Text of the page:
Ah, breathe the free air again, my friends! 2003 and its myriad frustrations -- wars, death and recession -- lies behind you, mere dust trails in an optimistic look forward at the year to come. Time to erase your past mistakes, pounce on passed opportunities and get crackin' on making the world a better place for everyone. OK, who am I kidding? Truth is that 2004 stands to become an even bigger headache than 2003 -- can you say election year? -- so you're going to need some serious sonic analgesic.
Six Parts Seven, Lost Notes From Forgotten Songs
No matter what anyone says about Sigur Ros, Mogwai definitively rules the post-rock roost until someone comes along and knocks them off the mountain. Right now, there isn't a band that can do that (especially not Sigur Ros), but there are some tantalizing alternatives. Enter Six Parts Seven, an instrumental outfit on the impressive indie label, Suicide Squeeze. Their complex musical structures usually oscillate between treble-charged masterpieces and ominous soundscapes, but this latest release is actually a collaborative revision of their earlier work with some noted artists. Modest Mouse's Isaac Brock jumps the train on "From California to Houston, on Lightspeed" while Black Heart Procession and Three Mile Pilot's Pall Jenkins (who teamed up with Brock for Ugly Cassanova) guest stars on "Seems Like Most Everything Used to Be Something Else." Sam Beam from Iron and Wine and Dave Bazan from Pedro the Lion also hop on board for the somber fun. While not a concrete introduction to their work, Six Parts Seven's latest is nevertheless one of the coolest collective efforts so far this year.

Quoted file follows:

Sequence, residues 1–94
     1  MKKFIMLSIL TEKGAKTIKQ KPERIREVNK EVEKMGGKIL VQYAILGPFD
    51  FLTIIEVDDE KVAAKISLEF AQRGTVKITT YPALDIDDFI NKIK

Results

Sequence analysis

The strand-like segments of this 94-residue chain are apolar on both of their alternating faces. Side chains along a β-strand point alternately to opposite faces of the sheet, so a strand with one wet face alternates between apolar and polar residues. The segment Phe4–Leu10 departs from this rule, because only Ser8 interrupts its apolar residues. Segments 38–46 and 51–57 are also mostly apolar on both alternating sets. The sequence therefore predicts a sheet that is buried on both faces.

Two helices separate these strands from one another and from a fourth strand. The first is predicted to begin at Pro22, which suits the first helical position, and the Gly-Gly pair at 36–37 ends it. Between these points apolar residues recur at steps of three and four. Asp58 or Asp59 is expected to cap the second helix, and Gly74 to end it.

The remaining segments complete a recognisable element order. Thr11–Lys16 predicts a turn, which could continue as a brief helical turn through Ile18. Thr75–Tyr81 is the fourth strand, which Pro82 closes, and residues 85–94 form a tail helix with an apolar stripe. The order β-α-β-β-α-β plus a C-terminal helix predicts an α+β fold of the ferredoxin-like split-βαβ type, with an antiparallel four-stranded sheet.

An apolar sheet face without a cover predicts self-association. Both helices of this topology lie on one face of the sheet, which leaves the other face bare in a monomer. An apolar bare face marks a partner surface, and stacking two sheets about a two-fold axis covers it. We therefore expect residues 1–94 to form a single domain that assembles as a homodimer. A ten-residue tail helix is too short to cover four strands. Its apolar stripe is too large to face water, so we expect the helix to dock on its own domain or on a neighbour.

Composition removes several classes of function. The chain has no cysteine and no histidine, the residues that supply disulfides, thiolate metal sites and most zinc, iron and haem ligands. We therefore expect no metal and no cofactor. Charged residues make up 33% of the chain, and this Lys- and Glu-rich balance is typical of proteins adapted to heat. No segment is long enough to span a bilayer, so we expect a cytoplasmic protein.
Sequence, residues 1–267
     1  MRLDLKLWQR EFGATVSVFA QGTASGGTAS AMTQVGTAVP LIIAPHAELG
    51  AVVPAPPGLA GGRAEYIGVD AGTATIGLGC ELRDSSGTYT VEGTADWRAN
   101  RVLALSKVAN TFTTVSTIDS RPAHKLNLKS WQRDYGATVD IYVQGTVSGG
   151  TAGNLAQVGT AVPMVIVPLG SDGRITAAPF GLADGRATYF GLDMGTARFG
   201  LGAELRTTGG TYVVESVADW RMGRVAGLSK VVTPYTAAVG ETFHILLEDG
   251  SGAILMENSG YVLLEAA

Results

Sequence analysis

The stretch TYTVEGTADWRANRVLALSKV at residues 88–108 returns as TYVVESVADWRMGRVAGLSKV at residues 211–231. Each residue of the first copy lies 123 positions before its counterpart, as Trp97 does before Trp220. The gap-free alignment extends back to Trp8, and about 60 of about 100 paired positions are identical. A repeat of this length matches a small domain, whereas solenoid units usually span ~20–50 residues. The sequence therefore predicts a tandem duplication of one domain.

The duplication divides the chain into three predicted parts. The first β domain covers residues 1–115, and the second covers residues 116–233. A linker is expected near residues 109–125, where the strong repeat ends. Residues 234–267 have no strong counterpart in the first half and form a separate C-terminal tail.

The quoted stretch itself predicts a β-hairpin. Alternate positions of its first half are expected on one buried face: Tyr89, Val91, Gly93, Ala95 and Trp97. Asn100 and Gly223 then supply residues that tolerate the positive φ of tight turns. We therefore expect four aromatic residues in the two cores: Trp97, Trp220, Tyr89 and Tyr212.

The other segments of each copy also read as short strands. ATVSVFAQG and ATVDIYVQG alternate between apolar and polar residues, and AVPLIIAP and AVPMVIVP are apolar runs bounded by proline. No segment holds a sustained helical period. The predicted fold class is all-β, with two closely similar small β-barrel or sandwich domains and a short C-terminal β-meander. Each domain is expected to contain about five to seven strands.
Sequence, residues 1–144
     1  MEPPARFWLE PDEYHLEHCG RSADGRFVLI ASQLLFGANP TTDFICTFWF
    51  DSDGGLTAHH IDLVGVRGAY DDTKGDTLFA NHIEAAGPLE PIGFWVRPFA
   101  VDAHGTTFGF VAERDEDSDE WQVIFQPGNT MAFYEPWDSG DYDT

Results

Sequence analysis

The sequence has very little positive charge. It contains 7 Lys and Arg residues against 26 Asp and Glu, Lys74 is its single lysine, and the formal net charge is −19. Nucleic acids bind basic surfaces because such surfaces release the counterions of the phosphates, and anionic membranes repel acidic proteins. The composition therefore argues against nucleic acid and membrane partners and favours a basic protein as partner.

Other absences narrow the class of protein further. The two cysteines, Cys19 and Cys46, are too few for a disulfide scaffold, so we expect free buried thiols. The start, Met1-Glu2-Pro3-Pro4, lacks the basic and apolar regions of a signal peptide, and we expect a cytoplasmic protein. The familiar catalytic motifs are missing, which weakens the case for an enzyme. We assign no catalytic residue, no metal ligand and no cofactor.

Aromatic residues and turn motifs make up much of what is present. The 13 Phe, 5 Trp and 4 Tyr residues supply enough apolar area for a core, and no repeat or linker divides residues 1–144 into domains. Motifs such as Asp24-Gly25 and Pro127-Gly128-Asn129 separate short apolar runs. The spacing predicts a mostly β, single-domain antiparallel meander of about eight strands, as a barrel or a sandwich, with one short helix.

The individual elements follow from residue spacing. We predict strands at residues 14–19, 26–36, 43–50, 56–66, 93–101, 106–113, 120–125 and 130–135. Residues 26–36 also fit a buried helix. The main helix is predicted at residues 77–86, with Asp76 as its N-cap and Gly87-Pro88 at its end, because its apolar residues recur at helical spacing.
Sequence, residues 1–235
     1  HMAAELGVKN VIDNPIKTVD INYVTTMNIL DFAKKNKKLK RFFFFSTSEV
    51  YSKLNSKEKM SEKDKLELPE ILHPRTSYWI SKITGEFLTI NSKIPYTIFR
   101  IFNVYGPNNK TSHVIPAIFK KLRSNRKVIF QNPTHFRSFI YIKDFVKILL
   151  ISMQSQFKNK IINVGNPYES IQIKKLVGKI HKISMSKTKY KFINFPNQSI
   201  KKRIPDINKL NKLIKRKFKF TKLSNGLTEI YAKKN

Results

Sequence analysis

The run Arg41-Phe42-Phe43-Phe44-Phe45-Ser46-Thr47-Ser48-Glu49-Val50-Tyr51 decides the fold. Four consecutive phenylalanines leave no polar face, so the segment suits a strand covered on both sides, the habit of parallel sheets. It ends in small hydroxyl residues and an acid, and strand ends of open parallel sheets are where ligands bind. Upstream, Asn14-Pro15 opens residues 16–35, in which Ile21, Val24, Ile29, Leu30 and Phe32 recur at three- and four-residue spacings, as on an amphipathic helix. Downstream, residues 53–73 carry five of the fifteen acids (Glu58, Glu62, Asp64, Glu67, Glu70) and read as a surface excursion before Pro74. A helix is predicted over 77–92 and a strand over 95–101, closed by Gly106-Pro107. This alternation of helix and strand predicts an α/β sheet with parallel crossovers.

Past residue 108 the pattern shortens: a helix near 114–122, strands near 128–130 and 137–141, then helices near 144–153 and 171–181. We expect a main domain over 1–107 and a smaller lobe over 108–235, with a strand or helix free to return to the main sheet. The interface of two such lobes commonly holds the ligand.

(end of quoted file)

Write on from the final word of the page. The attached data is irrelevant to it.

The Sleepy Jackson, Lovers
Do you know who Luke Steele is? Wait, let's rewind that. Do
you know who George Harrison is? Well, Luke Steele does, but Sleepy Jackson's
psychedelic, intricate songcraft only begins at The Quiet Beatle, before moving
outward into Flaming Lips and Soft Boys territory. The Australian native Steele
is basically the brains behind Sleepy Jackson, and has proven it by breaking
the band up a few times to shape it in his own crafty image. But the music remains
the same, and it's about as addictive as alt-pop can get. Whether it's the ethereal
strums and chants of "Good Dancers" or the electronic dalliances of
"Don't You Know," Lovers is a stunning debut from a guy who only wants
to perfect the pop music nugget. He's getting close.
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© Melt Magazine 2004